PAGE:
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Old 08-27-2007, 04:37 PM
 
34 posts, read 178,319 times
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Hello,

We are looking to buy our first home next summer. We need a few more months to save some more cash, and we are renters... our lease expires next July 31. I know we can't time things exactly, but when should we start the homebuying process? We can't really afford to pay our rent and a mortgage for very long, but I'd rather not have to move temporarily, either. I don't think our landlords will be flexible with our lease because we live in a college town and everything is dependent on when the students move back.

I don't think that we will need to "shop around" for lenders because we will be using a CalFHA teacher program with set terms.

If it makes a difference, we are in the Sacramento area-- it is definitely a buyers' market with lots of inventory.

I've been looking at houses on the internet like crazy, and I have my favorites picked out (maybe they'll still be on the market next summer, LOL) but I need to know when we should get serious.

Thanks!
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Old 08-27-2007, 05:32 PM
 
Location: Big Island of Hawaii
1,375 posts, read 5,776,298 times
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It's great that you are planning ahead. Confirm things with your lender and be sure you are on the right track, and I would suggest going ahead and interviewing 2 or 3 agents who specialize in your area and can represent you as a buyer's agent.

Make your initial meeting brief--maybe call and ask if you can stop by their office and pick up a card or call a few agents and ask them to mail a card and copy of their agency agreement to you for you to review. Don't sign anything yet and let the agents know you will get back in touch with them. Evaluate their responsiveness and professionalism and how you feel about the interaction.

Once you've chosen someone think you will work well with, let them know that you aren't going to be ready to purchase for several more months, but that you would like to receive regular email updates for the area you are concentrating on. This will keep you on top of market activity and when the time comes you will be educated and ready to go.

Good luck!
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Old 08-27-2007, 05:35 PM
 
Location: Nine Mile Falls/Spokane, WA
993 posts, read 4,341,384 times
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I would say to start looking in April of next year. That will give you plenty of time to look and plan for moving at the end of July. You can keep an eye on things in the meantime, just to see what is selling and what prices are doing. But unless you could afford to make both payments, you don't want to get your heart set on a house now and then not be able to make a real offer. I can't imagine there would be a seller willing to wait that long for a closing. And like you said, some of the ones you like now might even still be for sale next spring :-)!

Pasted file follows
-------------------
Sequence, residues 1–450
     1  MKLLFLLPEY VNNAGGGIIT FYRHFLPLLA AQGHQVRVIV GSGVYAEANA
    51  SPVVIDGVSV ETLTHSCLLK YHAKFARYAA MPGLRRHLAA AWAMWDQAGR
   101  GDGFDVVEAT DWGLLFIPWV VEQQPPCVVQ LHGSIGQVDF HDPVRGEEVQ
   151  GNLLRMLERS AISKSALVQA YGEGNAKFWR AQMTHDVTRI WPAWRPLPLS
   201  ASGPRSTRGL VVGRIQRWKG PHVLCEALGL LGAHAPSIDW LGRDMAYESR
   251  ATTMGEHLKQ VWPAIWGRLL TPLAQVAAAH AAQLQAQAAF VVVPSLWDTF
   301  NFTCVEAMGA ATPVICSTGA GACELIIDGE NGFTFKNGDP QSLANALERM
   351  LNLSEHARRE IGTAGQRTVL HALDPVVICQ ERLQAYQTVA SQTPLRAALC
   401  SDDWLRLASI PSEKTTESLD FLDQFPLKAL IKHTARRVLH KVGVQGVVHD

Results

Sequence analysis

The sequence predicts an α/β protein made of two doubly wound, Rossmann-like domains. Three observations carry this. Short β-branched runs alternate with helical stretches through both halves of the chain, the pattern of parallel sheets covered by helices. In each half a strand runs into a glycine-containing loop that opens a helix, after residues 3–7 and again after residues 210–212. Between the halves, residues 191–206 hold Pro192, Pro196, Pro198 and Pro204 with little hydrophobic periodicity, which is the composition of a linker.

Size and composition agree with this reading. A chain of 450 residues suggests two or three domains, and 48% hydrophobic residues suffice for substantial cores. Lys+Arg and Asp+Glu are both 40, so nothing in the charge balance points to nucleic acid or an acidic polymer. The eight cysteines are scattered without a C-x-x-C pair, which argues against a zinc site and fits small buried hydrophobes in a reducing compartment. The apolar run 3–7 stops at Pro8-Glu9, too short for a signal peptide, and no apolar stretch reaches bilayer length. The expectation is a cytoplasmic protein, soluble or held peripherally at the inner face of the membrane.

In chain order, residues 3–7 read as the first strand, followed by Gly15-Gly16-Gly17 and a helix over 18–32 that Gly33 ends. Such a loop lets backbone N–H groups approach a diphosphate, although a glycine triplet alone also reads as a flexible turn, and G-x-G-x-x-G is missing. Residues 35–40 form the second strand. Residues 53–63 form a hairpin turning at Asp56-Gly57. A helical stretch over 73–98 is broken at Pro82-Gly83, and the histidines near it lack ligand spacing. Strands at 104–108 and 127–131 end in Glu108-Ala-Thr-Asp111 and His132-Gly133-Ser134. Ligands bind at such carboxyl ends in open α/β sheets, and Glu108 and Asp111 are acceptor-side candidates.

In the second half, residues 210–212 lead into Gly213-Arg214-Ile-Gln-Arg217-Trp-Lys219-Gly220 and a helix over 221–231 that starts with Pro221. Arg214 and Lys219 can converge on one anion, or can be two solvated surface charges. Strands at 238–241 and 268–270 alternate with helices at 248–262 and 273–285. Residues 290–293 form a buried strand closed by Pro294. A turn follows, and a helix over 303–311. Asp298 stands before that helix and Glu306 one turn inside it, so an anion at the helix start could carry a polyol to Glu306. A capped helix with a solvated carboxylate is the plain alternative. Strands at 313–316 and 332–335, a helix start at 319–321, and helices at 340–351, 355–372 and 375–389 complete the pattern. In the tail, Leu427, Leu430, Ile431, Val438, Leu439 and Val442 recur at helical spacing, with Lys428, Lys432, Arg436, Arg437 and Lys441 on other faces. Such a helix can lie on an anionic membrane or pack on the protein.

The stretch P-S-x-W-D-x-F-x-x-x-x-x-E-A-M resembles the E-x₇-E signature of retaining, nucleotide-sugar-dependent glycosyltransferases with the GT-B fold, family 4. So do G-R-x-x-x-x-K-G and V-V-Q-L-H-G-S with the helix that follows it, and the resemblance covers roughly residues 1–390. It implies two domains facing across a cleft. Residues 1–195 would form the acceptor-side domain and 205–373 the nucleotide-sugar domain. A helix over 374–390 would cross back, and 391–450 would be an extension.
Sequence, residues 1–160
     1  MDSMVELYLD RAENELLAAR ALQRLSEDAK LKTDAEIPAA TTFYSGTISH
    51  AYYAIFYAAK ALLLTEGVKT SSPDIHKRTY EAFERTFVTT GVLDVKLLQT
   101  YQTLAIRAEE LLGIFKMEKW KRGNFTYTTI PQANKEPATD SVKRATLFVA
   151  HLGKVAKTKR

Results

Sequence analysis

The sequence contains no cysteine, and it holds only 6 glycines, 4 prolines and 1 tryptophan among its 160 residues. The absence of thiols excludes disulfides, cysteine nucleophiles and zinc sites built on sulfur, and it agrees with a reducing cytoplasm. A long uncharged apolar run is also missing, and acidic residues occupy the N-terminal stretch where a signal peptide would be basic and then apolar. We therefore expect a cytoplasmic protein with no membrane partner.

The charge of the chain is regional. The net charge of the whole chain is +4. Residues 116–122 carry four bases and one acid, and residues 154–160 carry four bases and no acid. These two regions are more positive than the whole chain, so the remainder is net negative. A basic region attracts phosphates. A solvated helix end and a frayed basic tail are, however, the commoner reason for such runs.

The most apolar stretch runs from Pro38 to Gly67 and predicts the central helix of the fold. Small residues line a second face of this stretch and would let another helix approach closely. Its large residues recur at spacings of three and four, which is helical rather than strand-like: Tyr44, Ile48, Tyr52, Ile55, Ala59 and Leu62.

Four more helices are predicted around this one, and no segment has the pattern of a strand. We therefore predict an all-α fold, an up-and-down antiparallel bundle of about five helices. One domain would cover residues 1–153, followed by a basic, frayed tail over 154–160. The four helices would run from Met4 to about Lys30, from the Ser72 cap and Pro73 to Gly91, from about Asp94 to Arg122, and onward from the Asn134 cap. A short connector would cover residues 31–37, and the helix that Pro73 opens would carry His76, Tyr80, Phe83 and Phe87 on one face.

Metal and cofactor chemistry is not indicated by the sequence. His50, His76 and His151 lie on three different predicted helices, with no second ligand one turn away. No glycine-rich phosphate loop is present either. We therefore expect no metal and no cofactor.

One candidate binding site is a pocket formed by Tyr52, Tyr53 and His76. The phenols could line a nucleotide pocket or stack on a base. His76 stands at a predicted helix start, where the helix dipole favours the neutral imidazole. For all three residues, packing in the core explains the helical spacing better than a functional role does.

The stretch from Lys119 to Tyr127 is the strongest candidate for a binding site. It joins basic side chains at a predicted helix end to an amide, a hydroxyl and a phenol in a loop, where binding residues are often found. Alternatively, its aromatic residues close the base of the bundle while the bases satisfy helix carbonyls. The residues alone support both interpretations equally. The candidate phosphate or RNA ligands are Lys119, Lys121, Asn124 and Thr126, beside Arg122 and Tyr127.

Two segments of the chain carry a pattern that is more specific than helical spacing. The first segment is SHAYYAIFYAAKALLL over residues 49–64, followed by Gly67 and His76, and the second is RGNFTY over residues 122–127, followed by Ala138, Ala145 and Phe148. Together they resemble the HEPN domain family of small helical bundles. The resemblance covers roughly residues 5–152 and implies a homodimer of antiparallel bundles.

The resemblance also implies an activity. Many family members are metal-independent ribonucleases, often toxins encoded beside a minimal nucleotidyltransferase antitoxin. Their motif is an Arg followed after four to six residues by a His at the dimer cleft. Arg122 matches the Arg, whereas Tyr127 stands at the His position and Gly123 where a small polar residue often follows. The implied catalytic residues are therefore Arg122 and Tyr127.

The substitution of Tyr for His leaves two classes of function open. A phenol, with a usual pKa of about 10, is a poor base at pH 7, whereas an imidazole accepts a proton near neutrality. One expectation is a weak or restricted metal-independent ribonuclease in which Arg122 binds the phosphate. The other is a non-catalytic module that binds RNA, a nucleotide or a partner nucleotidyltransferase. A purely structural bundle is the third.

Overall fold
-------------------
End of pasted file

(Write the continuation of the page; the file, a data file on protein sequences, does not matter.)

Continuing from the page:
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Old 08-27-2007, 07:27 PM
 
Location: California
510 posts, read 3,009,155 times
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Quote:
Originally Posted by cynmkolohe View Post
It's great that you are planning ahead. Confirm things with your lender and be sure you are on the right track
cynmkolohe offer's great advice...

You can actually start the loan process without having a property to buy... if you're up front with the loan officer, they will likely go through a fairly decent approval process in order to help you answer a few questions. They will be able to tell you what you qualify for today, to help determine how much house you want to buy... can tell you how you qualify compared to other borrowers, which can let you know if you need to get to work on your credit, or if you're golden as you sit.

Of course rates will change by the time you buy, but this will at least give you the information you need in order to prepare.
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Old 08-27-2007, 11:15 PM
 
Location: New Mexico
631 posts, read 2,163,724 times
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I would say like you are doing. Start you research now, then get serious about 90-120 days before you are really ready.

Another thought, if the market is bad where you are looking. You could reasonably make an offer way ahead of time before ready to close with those contingencies in place. Perhaps the home of your choice has been on the market long enough they would take a chance on you and a long closing.
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Old 08-28-2007, 06:45 AM
 
Location: LEAVING CD
22,952 posts, read 22,528,268 times
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Not to hijack the thread but along the same lines, I've got a house on the market (90 days now) but we are moving across the country to a market we've only been to a few times as tourists. We know we want to go there, and have narrowed it down to a small area. We have done this before but this time we would hate to have to run there with 30-45 days to find and close on a new house as we have done in the past and it's a dice roll if you made the right choice, and going to just "look" is an expensive undertaking.